Barbara’s celebrancy service allows you to get married your way

Barbara’s celebrancy service allows you to get married your way

A local woman has recently set up a new service for people looking for the traditional church wedding without having to marry into one of the Christian faiths.

Barbara Finegan’s My Wedding My Way service offers bespoke weddings, vow renewals and even baby naming ceremonies.

With the numbers following the traditional faiths dwindling and the number of people divorced or separated growing, there is a greater demand for people who want to get married in different ways. Proof of this was seen earlier this year when a deconsecrated church opened at Woodside Chapel in Castlebellingham to allow people to wed in a church atmosphere without signing up to the values of a particular religion.

With many people wanting to do their wedding, their way Barbara spotted a gap in the market

A Spanish, French and religion teacher in Dun Lughaidh in Dundalk, she revealed how the new venture came to be.

She said: “In November 2015 two very good friends of mine were getting married in Co Meath. He had been married before so a formal church wedding wasn’t an option for them. They were people of faith so they still wanted some kind of spiritual aspect to their wedding and found it extremely hard to get somebody who falls in under that band.

“People at the moment feel that they don’t want a formal church wedding as they don’t necessarily sign up to all of the values that that stands for but equally so they’re not necessarily humanists where they believe this is it and there’s nothing beyond that. There is a gap in the market there.

“My friends didn’t feel that they were being served properly by what they were getting and they came to me to ask me about some poems and some readings and whether or not I would perform them. I performed two of them on the day and they told me I should definitely be doing celebrancy. They wished they had realised about celebrancy sooner and that I could have married them.”

Having dismissed the idea a few years previously, that sparked Barbara’s interest in a serious way.

Barbara Finegan

She said: “I contacted the Irish Institute of Celebrants. Lorraine Mancey O’Brien is running that and she did an interview with me over the phone because not everybody is accepted onto the course.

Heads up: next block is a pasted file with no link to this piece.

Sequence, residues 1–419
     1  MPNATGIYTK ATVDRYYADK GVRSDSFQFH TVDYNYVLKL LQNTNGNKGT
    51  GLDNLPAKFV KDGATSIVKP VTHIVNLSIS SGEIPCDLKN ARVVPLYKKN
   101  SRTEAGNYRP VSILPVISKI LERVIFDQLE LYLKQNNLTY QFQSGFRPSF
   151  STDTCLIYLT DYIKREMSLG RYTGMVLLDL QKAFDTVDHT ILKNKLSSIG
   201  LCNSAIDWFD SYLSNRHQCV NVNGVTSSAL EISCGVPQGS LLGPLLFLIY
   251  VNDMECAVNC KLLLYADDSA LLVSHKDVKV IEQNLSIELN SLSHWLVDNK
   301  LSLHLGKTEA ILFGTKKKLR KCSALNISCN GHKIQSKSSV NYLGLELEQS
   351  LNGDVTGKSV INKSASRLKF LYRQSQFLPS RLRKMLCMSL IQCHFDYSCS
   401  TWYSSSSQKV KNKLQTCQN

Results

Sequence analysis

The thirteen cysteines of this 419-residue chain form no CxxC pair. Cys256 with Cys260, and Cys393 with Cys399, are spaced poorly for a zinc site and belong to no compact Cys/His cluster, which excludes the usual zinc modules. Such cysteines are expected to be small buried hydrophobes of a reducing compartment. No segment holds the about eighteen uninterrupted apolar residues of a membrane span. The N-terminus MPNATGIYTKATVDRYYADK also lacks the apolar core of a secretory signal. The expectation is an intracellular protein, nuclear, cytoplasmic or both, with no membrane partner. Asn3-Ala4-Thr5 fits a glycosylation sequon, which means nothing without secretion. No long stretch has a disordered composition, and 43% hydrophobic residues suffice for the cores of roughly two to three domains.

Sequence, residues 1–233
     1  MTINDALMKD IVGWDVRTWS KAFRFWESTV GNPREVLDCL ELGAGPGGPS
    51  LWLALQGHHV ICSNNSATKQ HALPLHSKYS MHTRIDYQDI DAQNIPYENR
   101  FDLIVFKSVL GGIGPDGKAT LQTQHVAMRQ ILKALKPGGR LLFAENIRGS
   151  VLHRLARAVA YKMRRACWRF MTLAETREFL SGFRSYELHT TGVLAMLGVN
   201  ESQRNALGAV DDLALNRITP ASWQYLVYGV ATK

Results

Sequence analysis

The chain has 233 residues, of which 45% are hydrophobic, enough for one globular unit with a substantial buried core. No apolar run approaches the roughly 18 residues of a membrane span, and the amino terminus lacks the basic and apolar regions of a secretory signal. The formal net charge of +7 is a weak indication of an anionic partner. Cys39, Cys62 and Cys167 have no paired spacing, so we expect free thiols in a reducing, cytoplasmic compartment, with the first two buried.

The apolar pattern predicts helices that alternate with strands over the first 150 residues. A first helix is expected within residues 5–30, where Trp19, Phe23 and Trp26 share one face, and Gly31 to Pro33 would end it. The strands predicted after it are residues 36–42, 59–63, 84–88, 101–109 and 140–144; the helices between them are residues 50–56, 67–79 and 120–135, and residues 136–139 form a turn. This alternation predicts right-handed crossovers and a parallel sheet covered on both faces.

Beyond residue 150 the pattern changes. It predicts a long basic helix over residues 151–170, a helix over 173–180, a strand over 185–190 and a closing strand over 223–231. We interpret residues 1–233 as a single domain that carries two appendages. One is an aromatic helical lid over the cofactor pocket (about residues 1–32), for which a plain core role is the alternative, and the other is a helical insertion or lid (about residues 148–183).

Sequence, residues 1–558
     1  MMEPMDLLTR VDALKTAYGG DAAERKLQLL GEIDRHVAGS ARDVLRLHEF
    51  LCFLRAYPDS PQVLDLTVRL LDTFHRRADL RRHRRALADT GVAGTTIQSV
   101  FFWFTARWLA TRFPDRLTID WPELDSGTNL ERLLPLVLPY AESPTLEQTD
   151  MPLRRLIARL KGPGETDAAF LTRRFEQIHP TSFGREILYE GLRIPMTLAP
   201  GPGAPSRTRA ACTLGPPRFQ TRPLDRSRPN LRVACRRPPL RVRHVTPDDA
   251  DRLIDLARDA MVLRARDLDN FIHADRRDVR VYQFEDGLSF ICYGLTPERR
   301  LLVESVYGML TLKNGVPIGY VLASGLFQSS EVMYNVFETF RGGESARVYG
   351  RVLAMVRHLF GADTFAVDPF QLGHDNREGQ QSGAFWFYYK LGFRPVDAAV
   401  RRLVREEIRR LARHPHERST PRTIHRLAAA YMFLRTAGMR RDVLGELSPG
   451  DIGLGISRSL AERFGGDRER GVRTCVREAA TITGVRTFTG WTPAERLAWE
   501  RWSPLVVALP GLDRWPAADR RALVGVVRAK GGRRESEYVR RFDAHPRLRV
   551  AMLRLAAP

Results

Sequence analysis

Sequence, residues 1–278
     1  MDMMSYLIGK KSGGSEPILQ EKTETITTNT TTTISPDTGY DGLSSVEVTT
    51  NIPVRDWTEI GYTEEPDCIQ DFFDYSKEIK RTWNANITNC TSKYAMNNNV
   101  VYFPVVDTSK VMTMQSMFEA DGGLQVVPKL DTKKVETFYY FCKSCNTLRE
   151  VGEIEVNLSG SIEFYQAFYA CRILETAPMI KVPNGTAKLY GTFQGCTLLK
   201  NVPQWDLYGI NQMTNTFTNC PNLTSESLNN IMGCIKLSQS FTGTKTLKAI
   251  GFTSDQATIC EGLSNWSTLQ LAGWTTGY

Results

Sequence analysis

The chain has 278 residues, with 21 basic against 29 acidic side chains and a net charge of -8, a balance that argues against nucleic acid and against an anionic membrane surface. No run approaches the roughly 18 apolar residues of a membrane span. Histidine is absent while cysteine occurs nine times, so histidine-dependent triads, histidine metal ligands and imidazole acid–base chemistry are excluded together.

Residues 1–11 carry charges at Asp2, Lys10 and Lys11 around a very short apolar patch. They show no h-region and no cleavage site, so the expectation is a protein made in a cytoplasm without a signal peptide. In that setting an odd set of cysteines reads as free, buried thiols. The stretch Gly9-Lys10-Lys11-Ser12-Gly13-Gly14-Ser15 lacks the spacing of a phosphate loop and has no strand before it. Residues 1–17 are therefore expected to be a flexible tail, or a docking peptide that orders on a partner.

“I did an interview and signed up for the course which began the following January. The course was fascinating. It was a mixture of theory, a mixture of the history of marriage, how it’s celebrated throughout the world, added together with acting, voice coaching, and even your body language was pulled to pieces.

“Weddings are very emotive occasions because people may have lost love ones so there was work on how to deal with those occasions, how to take them seriously and to help people express the loss that’s there while at the same time keeping it a happy occasion. There was a whole lot more to it than I expected and I really enjoyed it.

“I did my exam in January. We had a mock wedding in front of guests with three judges at the back. Celebrancy is very interesting in that you are the centre of the day but it’s not about you in the slightest.”

The event went so well that the ‘test case couple’ invited her to perform their wedding afterwards in Termonfeckin.

On the day they performed a traditional Celtic handfasting which brought the couple’s parents very much into the ceremony.

That is just one example of how a wedding can be tailored to suit the desires of the couple.

Barbara said: “The love story is very central to the celebrancy ceremony where people feel they get to know the couple.

“My ideal client experience is that they don’t know what my belief is or what my faith is because I don’t have an agenda or a philosophy. I take their story and their interests and reflect it back to them in their ceremony.

“One of the things that drew me to celebrancy is that I’m fascinated by people and by their stories. I think people at this moment in time feel that their choice is formal faith or humanism and there’s nothing in between. There’s also people coming to me who are having mixed faith ceremonies, there’s also people coming to me who maybe have a very religious family member who is devastated that they are not getting married in church and who is maybe thinking of not joining the ceremony but the beauty of celebrancy is that you can bring in their favourite reading or prayer and they feel they had a part to play within the ceremony.

“You can get married literally under the apple tree in the garden to a hotel or to possibly a deconsecrated church so it’s a wide scope,” she said.

For further details on Barbara’s service visit, call 085 1656742 or email

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